Newspapers in this country are not free of regulation. Broadcasting has to apply the standards set by Ofcom. Newspapers have to abide by the law of libel, contempt of court and the criminal code. All those things are necessary, but in an increasingly digital age it is necessary to ensure that all publications abide by data protection regulations. It is more than 20 years since Calcutt warned the press that they were drinking in the last chance saloon. Well, they have had their drink and frankly they have been thrown out. The Press Council failed, the Press Complaints Commission failed, and this House promised to bring forward a statutorily underpinned body. Self-regulation with statutory underpinning—it is good enough for every other industry, it is good enough for the Law Society, so why are we not prepared to follow through for the press? The vast majority of journalists are honourable. As the hon. Member for South Dorset (Richard Drax) said, we are talking about a small minority, but that small minority can do immense damage to individual’s lives—we saw it with the McCanns, with Milly Dowler and with the Hillsborough inquiry—and it is not good enough for us to say they are doing a good enough job; they patently are not, which is why I hope the House will uphold the amendments passed in the other place.

I turn now to what I had intended to speak about: the rights of individuals and the problem many have in talking about data and regulation. It sounds like a technical issue—something that does not affect them directly in their everyday lives. Algorithms are a mystery that many of us have no desire to investigate, never mind solve, yet they are a major influence in our increasingly technology-driven and social media-driven lives. Data harvesting can sneak into every corner of our existence, undertaken by public and private organisations—those we deal with and many that just want to deal with us, or use what they know about us. The information we provide tells them how to sell us everything from cars and mortgages to life insurance and funerals. As more and more information about our daily lives is digitally recorded, ​it is important that individuals have more control. With the passing of the Bill we should all be able to rest assured that the information is being used both ethically and responsibly, including by the national and regional press, and that we have access to ensure that it is accurate, whether it is available to individuals or public or private bodies.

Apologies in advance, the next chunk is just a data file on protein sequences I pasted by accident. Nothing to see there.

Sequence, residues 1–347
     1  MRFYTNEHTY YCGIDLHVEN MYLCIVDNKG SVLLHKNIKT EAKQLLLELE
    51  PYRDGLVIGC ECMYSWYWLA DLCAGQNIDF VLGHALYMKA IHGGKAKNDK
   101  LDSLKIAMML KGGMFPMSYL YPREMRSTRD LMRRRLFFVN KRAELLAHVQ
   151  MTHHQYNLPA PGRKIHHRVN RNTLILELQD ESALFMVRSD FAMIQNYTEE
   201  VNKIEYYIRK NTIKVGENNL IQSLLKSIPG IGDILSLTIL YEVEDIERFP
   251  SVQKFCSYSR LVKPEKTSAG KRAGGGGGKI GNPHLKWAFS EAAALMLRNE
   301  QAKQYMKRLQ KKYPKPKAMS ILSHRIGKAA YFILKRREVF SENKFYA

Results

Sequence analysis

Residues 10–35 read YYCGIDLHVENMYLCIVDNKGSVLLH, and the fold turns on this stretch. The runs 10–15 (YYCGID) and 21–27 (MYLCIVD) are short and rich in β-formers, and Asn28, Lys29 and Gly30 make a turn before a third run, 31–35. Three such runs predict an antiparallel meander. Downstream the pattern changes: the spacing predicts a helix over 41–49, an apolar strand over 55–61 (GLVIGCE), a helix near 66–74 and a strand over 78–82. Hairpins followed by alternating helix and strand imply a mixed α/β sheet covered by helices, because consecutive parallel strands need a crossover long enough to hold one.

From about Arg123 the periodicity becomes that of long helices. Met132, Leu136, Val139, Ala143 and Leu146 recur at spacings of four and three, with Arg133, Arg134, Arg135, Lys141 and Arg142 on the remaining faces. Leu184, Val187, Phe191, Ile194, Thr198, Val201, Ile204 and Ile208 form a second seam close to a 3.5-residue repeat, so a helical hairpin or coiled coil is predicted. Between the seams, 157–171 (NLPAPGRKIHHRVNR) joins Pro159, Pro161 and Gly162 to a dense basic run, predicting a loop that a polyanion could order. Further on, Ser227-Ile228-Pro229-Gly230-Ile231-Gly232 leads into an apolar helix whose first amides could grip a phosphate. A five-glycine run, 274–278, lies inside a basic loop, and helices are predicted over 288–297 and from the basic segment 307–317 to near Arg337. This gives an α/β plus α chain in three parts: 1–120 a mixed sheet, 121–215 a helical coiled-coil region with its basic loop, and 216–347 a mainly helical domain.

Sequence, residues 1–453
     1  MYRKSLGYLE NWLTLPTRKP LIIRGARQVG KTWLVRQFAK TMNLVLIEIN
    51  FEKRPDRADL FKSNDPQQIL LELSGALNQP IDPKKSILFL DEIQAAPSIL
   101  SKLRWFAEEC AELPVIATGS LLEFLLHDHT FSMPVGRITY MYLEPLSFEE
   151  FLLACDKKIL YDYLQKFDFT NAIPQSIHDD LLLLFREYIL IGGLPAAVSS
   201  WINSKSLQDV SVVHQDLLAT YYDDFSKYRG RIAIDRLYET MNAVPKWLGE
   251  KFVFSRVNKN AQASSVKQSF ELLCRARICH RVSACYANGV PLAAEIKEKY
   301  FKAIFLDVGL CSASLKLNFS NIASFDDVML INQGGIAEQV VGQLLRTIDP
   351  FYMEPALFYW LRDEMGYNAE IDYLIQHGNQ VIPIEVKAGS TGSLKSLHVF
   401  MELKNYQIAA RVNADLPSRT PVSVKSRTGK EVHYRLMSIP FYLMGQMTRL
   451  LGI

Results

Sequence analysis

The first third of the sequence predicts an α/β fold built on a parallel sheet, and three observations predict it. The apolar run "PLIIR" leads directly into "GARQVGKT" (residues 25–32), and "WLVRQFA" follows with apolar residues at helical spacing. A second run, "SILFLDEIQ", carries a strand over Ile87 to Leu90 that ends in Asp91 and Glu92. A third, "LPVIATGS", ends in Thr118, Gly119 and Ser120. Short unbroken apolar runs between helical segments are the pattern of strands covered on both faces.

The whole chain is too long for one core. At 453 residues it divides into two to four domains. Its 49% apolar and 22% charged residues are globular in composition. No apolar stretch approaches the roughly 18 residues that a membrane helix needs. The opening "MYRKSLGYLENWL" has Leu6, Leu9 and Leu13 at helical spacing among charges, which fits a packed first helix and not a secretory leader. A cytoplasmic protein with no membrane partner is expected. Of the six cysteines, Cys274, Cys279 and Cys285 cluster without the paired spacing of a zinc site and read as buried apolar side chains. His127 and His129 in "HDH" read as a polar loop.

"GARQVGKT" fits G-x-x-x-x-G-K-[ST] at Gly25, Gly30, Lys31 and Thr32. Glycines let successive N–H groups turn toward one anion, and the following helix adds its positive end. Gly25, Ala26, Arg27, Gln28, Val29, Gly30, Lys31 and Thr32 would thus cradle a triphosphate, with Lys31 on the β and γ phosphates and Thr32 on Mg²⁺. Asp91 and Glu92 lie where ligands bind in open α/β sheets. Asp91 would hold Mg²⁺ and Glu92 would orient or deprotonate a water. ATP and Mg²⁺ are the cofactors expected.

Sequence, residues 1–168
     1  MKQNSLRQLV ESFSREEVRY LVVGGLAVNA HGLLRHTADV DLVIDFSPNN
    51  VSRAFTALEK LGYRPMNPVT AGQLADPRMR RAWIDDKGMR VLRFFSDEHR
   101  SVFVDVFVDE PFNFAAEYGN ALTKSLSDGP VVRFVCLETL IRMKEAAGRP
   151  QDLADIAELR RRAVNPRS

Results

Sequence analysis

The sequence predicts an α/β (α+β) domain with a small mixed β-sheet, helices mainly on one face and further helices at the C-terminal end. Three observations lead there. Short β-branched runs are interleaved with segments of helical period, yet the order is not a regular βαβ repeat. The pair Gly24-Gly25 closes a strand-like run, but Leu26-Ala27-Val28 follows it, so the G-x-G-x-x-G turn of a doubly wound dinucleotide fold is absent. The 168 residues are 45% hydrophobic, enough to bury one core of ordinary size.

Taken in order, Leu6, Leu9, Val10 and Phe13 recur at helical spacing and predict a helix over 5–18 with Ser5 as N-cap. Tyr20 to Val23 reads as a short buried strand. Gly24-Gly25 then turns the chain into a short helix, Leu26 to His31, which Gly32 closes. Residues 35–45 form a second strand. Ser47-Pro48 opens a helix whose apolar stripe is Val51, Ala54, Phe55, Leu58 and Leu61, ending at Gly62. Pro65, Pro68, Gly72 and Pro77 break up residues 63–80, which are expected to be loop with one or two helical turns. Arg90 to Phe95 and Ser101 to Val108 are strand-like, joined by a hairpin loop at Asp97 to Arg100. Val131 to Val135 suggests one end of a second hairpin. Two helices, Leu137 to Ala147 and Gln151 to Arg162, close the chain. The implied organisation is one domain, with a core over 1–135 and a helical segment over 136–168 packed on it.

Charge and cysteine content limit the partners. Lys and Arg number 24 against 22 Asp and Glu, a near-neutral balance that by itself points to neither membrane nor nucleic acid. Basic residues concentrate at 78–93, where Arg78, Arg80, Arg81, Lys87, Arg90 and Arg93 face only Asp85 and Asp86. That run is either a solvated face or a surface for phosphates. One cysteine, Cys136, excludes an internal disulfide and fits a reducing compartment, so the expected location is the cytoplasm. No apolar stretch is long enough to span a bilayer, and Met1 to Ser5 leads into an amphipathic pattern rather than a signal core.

We should take into account that the information we provide can be used to infer information we have not given. For example, I am reliably informed that people who like curly fries are more likely to have high IQs. If someone was to pass on that culinary preference with their data, floods of adverts aimed at highly intelligent curly fries fans would be likely to follow. Occasionally, of course, it can all go wrong. Just after suffering a recent bereavement, I was in touch with a nationally known undertaker. Immediately afterwards, I was bombarded with adverts about planning for my own funeral, which is not really what anyone in that position wants. That is just an illustration of why it is important to the public that they have the right to view and correct or delete their own personal data, as laid out in the Bill. None of us wants false information out there about us that could prejudice decisions or jeopardise our security.